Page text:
US5775371A (en) * 1995-03-08 1998-07-07 Abbott Laboratories Valve control
US5834314A (en) * 1994-11-07 1998-11-10 Abbott Laboratories Method and apparatus for metering a fluid
US5967163A (en) * 1996-01-30 1999-10-19 Abbott Laboratories Actuator and method
US6080583A (en) * 1997-06-04 2000-06-27 Siemens-Elema Ab Blood analysis system and method for regulating same
US6193471B1 (en) * 1999-06-30 2001-02-27 Perseptive Biosystems, Inc. Pneumatic control of formation and transport of small volume liquid samples
US20030203494A1 (en) * 2002-04-29 2003-10-30 Hyde David D. Dynamic metered fluid volume determination method and related apparatus
US6755384B2 (en) 2001-04-18 2004-06-29 Hitachi Chemical Co., Ltd. Flexible platform for liquid handling robots
US20050037511A1 (en) * 2003-06-04 2005-02-17 Sharrock Stephen P. Flow sensing for determination of assay results
US20050036148A1 (en) * 2003-06-04 2005-02-17 Phelan Andrew Peter Optical arrangement for assay reading device
US20050037510A1 (en) * 2003-06-04 2005-02-17 Sharrock Stephen P. Early determination of assay results
US20050244981A1 (en) * 2002-06-29 2005-11-03 Guenter Frey Automatic differentiation of a sample solution and a control solution
US20070126794A1 (en) * 2005-12-05 2007-06-07 Schick Karl G Disposable, pre-calibrated, pre-validated sensors for use in bio-processing applications
US20070219417A1 (en) * 2003-03-20 2007-09-20 Welch Allyn, Inc. Electrical adapter for medical diagnostic instruments using replaceable LEDs as illumination sources
US20080098798A1 (en) * 2006-10-24 2008-05-01 Riley Timothy A Method for making and using an air bubble detector
WO2009026420A1 (en) * 2007-08-21 2009-02-26 Hospira, Inc. System and method for reducing air bubbles in a fluid delivery line
US20090049919A1 (en) * 2007-08-24 2009-02-26 Chris Hills Ultrasonic air and fluid detector
EP2034290A2 (en) * 2007-09-04 2009-03-11 Endress+Hauser Conducta Gesellschaft für Mess- und Regeltechnik mbH+Co. KG Device for analysing fluid samples
US20090224171A1 (en) * 2006-07-06 2009-09-10 Verbokkem Arjan F System and Method for Controlling Elution from a Radioisotope Generator with Electronic Pinch Valves
US20100212407A1 (en) * 2009-02-06 2010-08-26 Mark Stringham Air bubble detector
US7795038B2 (en) 2002-04-09 2010-09-14 Cholestech Corporation High-density lipoprotein assay device and method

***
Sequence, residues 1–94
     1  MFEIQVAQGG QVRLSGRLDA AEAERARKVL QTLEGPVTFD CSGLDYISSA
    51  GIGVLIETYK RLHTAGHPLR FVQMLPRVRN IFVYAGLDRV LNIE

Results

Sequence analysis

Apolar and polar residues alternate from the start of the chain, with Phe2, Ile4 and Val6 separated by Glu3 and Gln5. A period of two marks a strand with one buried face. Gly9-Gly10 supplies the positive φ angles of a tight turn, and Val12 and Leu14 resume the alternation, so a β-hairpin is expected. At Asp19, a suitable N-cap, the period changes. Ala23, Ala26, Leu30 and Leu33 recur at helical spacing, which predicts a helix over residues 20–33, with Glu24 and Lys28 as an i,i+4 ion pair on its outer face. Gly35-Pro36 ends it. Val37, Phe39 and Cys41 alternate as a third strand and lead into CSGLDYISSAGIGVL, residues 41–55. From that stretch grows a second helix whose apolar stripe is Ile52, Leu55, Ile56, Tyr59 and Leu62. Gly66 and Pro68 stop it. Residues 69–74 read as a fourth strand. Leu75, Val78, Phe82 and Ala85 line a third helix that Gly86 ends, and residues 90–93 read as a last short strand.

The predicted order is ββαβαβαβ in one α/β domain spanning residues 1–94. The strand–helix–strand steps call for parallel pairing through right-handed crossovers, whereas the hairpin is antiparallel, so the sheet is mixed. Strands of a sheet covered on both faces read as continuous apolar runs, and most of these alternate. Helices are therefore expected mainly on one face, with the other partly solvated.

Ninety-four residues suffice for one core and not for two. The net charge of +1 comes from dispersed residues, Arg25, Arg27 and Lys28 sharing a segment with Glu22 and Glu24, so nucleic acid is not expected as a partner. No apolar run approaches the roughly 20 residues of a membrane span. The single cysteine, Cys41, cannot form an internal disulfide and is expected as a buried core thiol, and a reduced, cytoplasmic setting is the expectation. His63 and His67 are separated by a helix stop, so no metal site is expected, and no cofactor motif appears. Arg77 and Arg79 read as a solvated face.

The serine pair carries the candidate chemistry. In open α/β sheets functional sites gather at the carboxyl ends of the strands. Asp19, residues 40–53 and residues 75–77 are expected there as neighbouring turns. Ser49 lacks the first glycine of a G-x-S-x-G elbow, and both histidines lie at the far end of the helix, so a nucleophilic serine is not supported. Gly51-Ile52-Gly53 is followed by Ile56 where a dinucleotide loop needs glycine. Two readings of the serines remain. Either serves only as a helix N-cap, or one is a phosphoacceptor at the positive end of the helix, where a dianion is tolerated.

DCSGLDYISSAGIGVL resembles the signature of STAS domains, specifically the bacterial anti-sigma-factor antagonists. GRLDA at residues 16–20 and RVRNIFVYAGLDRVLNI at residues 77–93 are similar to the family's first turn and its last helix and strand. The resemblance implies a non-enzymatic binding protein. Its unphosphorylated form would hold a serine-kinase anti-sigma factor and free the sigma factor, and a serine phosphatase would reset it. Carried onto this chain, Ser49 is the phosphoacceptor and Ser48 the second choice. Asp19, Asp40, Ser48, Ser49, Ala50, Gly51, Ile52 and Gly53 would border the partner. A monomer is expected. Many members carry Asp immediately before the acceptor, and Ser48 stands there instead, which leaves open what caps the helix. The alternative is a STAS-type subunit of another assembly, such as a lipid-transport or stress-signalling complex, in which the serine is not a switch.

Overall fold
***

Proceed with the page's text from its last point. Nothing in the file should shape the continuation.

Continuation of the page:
US7824879B2 (en) 2007-01-09 2010-11-02 Cholestech Corporation Device and method for measuring LDL-associated cholesterol
US9360478B2 (en) 2007-06-20 2016-06-07 Cozart Bioscience Limited Monitoring an immunoassay
US9933362B2 (en) 2003-06-04 2018-04-03 Alere Switzerland Gmbh Assay devices and methods

Citations (4)

* Cited by examiner, † Cited by third party
Publication number Priority date Publication date Assignee Title
US3759667A (en) * 1971-10-22 1973-09-18 Damon Corp Apparatus for aspirating precise volumes of fluid sample
US3929413A (en) * 1974-03-04 1975-12-30 Anatronics Corp Fluid transport and metering system
US4130394A (en) * 1977-10-03 1978-12-19 Technicon Instruments Corporation Short sample detection
US4253846A (en) * 1979-11-21 1981-03-03 Technicon Instruments Corporation Method and apparatus for automated analysis of fluid samples

Patent Citations (4)

* Cited by examiner, † Cited by third party
Publication number Priority date Publication date Assignee Title
US3759667A (en) * 1971-10-22 1973-09-18 Damon Corp Apparatus for aspirating precise volumes of fluid sample
US3929413A (en) * 1974-03-04 1975-12-30 Anatronics Corp Fluid transport and metering system
US4130394A (en) * 1977-10-03 1978-12-19 Technicon Instruments Corporation Short sample detection
US4253846A (en) * 1979-11-21 1981-03-03 Technicon Instruments Corporation Method and apparatus for automated analysis of fluid samples

Cited By (60)

* Cited by examiner, † Cited by third party